This course will provide students with a general overview of translational research in the area of gene and cell therapy.  This would include technical considerations, translating preclinical investigation into therapeutics, the execution of gene and cell therapies clinical trials, and key regulatory issues. Entrepreneurial considerations will be discussed as well. By the end of this course, students will understand the basic technologies employed for gene and cell therapy along with approaches and pitfalls to translating these therapies into clinical applications including regulatory and commercial aspects of this emerging area. Prerequisites: MTR, MSRS, BGS students, or by permission from the department.

New Courses Fall 2015:

*Non-degree students welcome; contact us at ITMATEd@mail.med.upenn.edu

REG 611 - Clinical Study Management
Emma Meagher, MD
M/W 5-6:30pm / MAL 8030
This course will focus on the practical aspects of executing clinical trials in an academic environment in a GCP complaint fashion. Upon course completion students will be able to effectively implement and manage both investigator-initiated and industry-sponsored clinical research studies. Students will be guided through the operational aspects and regulatory processes for the three stages of study management: pre study, study start-up and implementation, ongoing compliance and study close out . Students will learn strategies for navigating the complex regulatory/operational clinical research environment and for successful protocol development and approval, subject recruitment, data management and IRB/FDA interactions. Protection of human research subjects and adherence to good clinical practices guiding research in humans is a critical concept that will be integrated throughout each of the lectures.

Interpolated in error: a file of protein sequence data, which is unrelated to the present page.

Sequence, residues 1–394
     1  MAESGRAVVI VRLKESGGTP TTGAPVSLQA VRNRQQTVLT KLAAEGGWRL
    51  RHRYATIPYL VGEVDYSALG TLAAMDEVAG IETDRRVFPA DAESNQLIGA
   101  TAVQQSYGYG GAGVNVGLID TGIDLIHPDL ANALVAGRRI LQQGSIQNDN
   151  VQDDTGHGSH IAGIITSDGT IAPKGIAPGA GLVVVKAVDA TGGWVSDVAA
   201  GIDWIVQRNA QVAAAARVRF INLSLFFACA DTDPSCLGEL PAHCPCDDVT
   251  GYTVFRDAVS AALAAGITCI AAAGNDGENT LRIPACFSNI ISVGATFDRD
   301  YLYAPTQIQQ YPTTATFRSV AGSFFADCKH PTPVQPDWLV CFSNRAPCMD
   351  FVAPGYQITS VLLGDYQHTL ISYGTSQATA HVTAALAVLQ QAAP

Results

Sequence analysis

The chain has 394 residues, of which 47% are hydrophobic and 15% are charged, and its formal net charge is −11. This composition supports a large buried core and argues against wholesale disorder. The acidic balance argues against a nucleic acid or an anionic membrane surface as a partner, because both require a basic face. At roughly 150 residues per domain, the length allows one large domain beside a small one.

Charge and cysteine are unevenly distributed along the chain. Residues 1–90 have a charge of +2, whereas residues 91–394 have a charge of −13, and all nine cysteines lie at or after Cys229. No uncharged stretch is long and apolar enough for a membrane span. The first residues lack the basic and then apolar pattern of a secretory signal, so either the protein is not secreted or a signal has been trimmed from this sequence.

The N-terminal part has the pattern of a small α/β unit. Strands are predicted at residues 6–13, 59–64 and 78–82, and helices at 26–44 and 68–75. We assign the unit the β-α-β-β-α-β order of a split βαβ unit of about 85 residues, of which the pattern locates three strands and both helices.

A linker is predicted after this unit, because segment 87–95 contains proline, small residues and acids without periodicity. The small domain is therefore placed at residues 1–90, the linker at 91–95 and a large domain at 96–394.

MTR 642 - Building a Life Sciences Startup 
Tomas Isakowitz, PhD and Nalaka Gooneratne, MD 
Tu/Th 5:30-7pm / BRB 251
This class simulates the experience of building a life sciences startup. It is a hands-on, “lab-style”, class where students learn practical applications of technology commercialization knowledge. The kernel of this framework consists of two elements: the Customer Development methodology and the Business Model Canvas. The former lays out a process whereby students formulate hypotheses about their startup ideas and test them by going outside of the classroom and interviewing potential customers, partners, and other key stakeholders. To formulate the key elements of a startup vision, we utilize the Business Model Canvas, which provides a succinct way to clearly identifying the key aspects of a business model. The class adopts a flipped-classroom approach, whereby lectures are delivered via online video and class-time is devoted to working on students’ projects. In addition to the video lectures, students spend a significant amount of time out of the classroom performing primary market research in the form of interviews. Classroom time is devoted to (1) grounding lecture concepts in real life by analyzing how they relate to student projects, (2) starting on week 6, weekly project-progress presentations by students,  and (3) allowing teams to work on their own projects. This class it works well in combination with MTR 620 for students who are interested in the topic of commercializing academic technology.